By most accounts, 2002 was an awful year in investment banking. Corporate scandals and the sagging stock market severely limited mergers and acquisitions. Large investment banks laid off more than 10,000 employees.

But many boutique shops are coming off one of their best years ever and are expanding.

"Take a look at the investment banking community and what has happened to it," said Marshall Graham at Focus Enterprises Inc. of Washington. "This is a perfect opportunity to put a stake in the ground."

Focus had record revenue in 2002 and today is adding three partners, doubling its professional staff and naming a new managing partner, Doug Rodgers.

Boutique investment banks such as Focus work primarily with private companies whose revenue is less than $100 million. Their transactions are a far cry from the multibillion-dollar, headline-grabbing deals managed by big-name investment banks. But the big deals are just a small part of the broad national market in mergers and acquisitions.

"They are just the tiny tip of the triangle of an enormous pyramid," said Mark L. Capaldini, who with Ed Stevens and Manan K. Shah is joining Focus today.

Boutique investment banking firms in the Washington area that manage smaller transactions all increased their staffs in 2002 and reported strong business and revenue despite the economic downturn.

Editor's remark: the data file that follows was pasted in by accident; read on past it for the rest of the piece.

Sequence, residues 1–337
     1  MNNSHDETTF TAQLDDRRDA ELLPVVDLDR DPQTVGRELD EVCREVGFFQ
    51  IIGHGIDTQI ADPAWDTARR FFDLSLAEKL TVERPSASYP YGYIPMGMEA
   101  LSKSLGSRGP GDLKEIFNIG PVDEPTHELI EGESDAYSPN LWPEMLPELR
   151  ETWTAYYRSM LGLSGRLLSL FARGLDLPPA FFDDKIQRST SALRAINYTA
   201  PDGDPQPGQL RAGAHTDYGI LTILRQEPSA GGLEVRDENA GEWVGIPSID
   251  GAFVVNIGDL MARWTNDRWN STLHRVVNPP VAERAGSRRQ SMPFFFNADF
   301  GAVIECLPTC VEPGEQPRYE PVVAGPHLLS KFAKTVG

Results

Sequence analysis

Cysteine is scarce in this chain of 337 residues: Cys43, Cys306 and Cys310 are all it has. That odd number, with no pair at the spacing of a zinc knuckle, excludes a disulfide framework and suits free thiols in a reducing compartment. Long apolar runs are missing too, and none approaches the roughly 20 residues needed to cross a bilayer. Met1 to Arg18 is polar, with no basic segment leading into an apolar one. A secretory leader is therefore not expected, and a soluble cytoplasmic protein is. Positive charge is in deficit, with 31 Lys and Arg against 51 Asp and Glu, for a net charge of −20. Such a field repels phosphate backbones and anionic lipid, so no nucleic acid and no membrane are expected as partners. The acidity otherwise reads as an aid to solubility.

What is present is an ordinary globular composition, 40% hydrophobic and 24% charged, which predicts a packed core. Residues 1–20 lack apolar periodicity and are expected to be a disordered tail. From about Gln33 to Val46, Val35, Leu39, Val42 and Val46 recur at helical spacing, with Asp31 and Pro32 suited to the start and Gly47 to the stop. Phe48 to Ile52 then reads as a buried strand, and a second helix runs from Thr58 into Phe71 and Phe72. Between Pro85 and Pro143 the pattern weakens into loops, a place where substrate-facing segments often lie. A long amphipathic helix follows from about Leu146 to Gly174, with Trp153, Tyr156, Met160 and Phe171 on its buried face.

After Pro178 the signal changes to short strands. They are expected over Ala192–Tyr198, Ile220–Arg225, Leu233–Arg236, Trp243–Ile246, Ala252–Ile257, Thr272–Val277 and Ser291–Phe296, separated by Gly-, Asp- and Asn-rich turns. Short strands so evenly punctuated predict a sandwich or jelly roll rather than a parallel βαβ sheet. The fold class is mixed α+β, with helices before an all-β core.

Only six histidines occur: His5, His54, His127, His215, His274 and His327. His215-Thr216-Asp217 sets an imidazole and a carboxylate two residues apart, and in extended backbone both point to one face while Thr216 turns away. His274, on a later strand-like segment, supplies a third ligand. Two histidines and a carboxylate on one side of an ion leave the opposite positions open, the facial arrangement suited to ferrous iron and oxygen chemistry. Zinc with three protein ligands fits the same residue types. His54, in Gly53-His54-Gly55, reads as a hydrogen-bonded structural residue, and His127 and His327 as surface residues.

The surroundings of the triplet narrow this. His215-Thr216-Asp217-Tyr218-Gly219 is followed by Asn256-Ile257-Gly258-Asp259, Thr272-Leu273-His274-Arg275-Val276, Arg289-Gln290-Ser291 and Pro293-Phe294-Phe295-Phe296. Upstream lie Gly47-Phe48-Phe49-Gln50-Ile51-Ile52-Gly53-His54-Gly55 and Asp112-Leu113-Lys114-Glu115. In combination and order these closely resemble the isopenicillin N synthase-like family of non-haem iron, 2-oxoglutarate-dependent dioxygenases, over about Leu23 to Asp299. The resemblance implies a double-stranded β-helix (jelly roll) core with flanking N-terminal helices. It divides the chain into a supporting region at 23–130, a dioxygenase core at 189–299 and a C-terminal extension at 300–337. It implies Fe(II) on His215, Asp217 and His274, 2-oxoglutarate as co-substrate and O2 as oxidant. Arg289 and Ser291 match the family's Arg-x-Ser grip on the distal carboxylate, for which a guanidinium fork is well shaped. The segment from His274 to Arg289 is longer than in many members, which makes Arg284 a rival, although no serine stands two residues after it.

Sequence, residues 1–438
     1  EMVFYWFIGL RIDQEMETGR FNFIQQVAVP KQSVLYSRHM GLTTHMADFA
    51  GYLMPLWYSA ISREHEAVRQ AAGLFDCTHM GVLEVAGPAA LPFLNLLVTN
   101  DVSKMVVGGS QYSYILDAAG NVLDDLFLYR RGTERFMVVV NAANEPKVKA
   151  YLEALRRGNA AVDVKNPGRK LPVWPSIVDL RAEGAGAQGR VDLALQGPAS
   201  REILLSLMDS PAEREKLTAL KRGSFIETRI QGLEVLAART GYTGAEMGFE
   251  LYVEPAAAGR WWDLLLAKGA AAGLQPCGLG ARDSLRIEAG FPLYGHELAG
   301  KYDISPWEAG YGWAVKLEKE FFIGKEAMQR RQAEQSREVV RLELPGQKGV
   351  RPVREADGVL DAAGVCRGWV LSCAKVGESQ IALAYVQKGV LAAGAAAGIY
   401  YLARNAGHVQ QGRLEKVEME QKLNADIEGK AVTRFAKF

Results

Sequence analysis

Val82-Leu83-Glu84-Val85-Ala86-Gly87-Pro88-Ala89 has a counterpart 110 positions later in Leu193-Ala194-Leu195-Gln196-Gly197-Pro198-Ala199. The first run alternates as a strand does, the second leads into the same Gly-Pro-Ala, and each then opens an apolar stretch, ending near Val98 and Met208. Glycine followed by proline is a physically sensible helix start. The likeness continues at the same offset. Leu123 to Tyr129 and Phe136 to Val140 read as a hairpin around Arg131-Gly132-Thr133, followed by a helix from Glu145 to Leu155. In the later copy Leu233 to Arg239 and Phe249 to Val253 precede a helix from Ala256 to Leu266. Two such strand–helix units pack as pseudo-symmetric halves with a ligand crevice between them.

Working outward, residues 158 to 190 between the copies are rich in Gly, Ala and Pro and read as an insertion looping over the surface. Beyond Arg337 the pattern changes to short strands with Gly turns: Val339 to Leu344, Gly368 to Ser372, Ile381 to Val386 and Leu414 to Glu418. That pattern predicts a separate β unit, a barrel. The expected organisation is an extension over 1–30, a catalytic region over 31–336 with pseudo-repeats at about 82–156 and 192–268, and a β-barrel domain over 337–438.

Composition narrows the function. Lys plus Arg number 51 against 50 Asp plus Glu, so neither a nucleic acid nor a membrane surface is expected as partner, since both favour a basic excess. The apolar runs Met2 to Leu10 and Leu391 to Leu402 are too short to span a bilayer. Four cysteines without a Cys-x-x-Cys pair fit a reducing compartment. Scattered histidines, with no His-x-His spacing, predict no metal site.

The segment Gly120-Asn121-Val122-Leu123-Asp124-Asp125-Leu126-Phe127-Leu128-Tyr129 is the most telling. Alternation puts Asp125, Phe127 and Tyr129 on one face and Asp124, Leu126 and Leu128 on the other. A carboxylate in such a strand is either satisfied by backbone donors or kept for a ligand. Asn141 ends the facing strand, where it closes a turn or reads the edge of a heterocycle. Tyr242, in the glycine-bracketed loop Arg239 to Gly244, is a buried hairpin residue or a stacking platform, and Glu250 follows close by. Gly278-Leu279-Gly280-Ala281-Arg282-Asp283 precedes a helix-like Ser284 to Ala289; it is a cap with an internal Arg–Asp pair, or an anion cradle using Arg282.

"It's been a great year. Last year was the best in our 10-year history," said John Kulter, chief executive of Quarterdeck Investment Partners LLC of Los Angeles, half of whose 26-member staff is in the District.

Because the smaller firms deal with private companies, falling stock prices haven't been a great concern to them. Large public companies often use their own stock to finance acquisitions. So when stock prices go up, they are able to buy other companies more cheaply. Private companies, on the other hand, often use cash, so their acquisition activity hasn't been curtailed by stock market woes.

"When the market is rising, public companies are dealing with cheap currency," Rodgers said. "In the private market, the currency has always been dollars."

Smaller investment banks have also benefited from the nature of their investment activity. There are only so many billion-dollar acquisitions that large firms can compete for each year, while there can be scores of smaller companies on the market. Activity among those companies is more stable during economic downturns.

"It's the difference between trying to sell $250,000 homes and $10 million homes," Kulter said. "In good times and bad times it's always a good market to sell $250,000 homes."

An emphasis on smaller government contractors will also boost profits. All the local firms have government or defense practices, and Shah, one of the new Focus partners, will devote his time exclusively to government contractors.

"It's one of the few areas in the economy that has been working," said J. Richard Knop of the Windsor Group LLC, which grew by six bankers to a total of 30 last year.

The boutique bankers are also bullish on this year. Many companies that held back on acquisitions last year because they expected prices to continue falling now believe that valuations have hit bottom.

"Almost everyone we've talked to is either buying or selling," said Braun Jones III, managing director of the McLean Group LLC, which added four bankers to a staff of 12 last year. "We expect 2003 to be a record year."